Armenian Genocide; Armenia-Turkey

By Roger W. Smith, Chairman of the Academic Board of Directors of
the Zoryan Institute

We must approach all cases of genocide as part of world history. If
we believe in "Never again" and want to prevent future genocides,
we must treat such epochal events as part of the universal experience
and of concern to all.

James Traub writes the following in an Oct. 18 New York Times review of
Daniel Goldhagen's new book, Worse than War: Genocide, Eliminationism,
and the Ongoing Assault on Humanity:

But to exclude mass murder from the realm of conscious action offers
an exculpation of its own, both to the killers and to ourselves-for
how could we, ordinary folk who cherish life, descend to such madness?

In this magisterial and profoundly disturbing "natural history" of
mass murder, Daniel Jonah Goldhagen calls for an end to such willful
blindness... Goldhagen insists that even the worst atrocities
originate with, and are then propelled by, a series of quite
conscious calculations by followers as much as by leaders. "We must
stop detaching mass elimination and its mass-murder variant from our
understanding of politics," Goldhagen writes... Atrocities resemble one
another; their differences are shaped by the perpetrators' ideology,
their specific fantasy of a purified world, their view of the victims
they seek to eradicate...

But if the ultimate goal is to ensure that we never again stand by in
the face of a Rwanda-style genocide, public opinion will not be rallied
through an earnest accounting of national interest, but through an
appeal to conscience... He heaps scorn on the United Nations, whose
founding principles of respect for sovereignty and of noninterference
in internal affairs have served, as he rightly observes, as a shield
for leaders in Sudan and elsewhere who are bent on slaughtering their
own people.

This is interesting in light of the press coverage both before and
after the signing of the Turkish-Armenian protocols. A recurrent
theme emerges, particularly in countries that have yet to recognize
officially the mass murder of the Armenians in 1915 as genocide: the
dispute between Turkey and Armenia over the genocide is exclusively
their problem. For example, the BBC, in reporting on the protocols on
Oct. 10, 2009, stated, in effect, the Armenians say it was genocide,
Turkey says it wasn't, so the reader does not know what to believe:

Armenians have campaigned for the killings to be recognized
internationally as genocide-and more than 20 countries have done so.

Turkey admits that many Armenians were killed but says the deaths
were part of the widespread fighting that took place in World War I.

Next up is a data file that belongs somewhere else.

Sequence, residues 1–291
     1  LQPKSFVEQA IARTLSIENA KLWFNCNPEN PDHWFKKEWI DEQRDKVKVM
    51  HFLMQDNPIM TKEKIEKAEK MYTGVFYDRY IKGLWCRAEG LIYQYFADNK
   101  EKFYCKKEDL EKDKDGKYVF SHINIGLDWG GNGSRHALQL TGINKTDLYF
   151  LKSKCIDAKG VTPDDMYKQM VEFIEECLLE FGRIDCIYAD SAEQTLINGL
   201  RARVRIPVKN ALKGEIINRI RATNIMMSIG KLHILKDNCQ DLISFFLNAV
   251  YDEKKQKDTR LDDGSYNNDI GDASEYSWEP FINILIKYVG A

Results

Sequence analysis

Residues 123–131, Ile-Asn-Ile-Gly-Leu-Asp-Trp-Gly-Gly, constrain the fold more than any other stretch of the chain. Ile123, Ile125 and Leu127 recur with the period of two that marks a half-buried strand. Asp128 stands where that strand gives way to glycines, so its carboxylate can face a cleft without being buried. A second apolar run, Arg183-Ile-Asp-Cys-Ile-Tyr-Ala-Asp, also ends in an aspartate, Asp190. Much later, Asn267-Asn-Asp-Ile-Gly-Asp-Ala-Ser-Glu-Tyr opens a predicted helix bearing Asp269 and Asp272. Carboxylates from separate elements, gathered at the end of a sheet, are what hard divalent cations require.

As far back as 2005, the distinguished human rights activist and Nobel
laureate Elie Wiesel described the difficulty of Armenian-Turkish
relations because "ancestral hate is not easily erased." This gives the
impression that the problem between the two countries is intractable
ancient history, rather than a political problem arising out of a
specific historical event: the Armenian Genocide of 1915 committed
by Ottoman Turkey.

On April 9, 2009, when President Barack Obama was in Turkey,
he distanced himself from getting directly involved in the
Armenian-Turkish issue, stating:

I want to be as encouraging as possible around those negotiations,
which are moving forward and could bear fruit very quickly, very soon.

And as a consequence, what I want to do is not focus on my views,
but focus on the views of the Turkish and the Armenian people, if
they can move forward and deal with a difficult and tragic history,
then I think the entire world should encourage them. So what I told the
president was I want to be as constructive as possible in moving these
issues forward quickly. And my sense is that they are moving quickly.

I don't want to, as the president of the United States, to preempt
any possible arrangements or announcements that might be made in the
near future. I just want to say that we are going to be a partner in
working through these issues in such a way that the most important
parties, the Turks and the Armenians, are finally coming to terms in
the most constructive way.

It seems that there is a certain point of view prevailing that only
Turkey and Armenia have a vested interest in the Armenian Genocide,
and that it is no one else's problem.

One wonders, would the Rwandan Genocide be characterized as a